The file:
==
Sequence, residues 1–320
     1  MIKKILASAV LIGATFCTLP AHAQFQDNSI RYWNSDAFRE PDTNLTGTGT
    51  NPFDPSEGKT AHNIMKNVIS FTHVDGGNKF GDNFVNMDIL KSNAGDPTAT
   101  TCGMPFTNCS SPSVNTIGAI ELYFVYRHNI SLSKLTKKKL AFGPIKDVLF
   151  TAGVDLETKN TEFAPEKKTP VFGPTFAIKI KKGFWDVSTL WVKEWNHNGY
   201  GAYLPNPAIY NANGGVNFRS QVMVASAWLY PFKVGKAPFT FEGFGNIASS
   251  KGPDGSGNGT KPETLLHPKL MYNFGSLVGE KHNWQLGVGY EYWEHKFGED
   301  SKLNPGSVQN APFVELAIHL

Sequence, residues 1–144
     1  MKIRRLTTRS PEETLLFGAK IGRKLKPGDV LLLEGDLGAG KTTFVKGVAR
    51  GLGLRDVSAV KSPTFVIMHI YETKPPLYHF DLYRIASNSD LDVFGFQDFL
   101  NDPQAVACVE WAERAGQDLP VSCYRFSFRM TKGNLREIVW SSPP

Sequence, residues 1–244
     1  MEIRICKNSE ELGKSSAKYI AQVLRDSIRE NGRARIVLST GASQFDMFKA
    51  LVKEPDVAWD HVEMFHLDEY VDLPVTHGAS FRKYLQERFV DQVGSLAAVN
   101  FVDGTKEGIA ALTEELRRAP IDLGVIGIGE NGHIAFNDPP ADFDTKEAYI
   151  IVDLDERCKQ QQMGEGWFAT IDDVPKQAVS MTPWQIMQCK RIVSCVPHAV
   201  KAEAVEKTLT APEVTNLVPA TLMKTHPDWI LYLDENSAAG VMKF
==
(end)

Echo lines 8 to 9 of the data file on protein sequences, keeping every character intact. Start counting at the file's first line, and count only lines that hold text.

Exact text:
   301  SKLNPGSVQN APFVELAIHL

Sequence, residues 1–144